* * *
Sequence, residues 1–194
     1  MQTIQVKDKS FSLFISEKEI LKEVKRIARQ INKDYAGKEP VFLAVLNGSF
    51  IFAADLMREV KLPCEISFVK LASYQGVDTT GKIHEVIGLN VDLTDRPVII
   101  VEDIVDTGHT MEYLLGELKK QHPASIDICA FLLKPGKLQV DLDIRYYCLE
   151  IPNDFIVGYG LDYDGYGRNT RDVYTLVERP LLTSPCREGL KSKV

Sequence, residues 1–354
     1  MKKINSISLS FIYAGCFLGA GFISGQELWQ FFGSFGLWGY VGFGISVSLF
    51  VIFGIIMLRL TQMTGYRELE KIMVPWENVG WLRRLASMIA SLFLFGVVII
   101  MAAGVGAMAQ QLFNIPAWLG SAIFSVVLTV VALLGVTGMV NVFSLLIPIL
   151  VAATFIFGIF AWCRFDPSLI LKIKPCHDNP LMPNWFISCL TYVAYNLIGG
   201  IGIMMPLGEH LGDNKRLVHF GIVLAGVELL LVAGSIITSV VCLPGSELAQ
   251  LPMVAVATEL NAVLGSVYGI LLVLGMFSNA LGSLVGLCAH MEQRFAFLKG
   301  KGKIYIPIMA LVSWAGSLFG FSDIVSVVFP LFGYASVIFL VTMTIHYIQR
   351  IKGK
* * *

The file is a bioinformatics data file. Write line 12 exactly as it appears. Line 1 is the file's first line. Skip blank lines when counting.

   251  LPMVAVATEL NAVLGSVYGI LLVLGMFSNA LGSLVGLCAH MEQRFAFLKG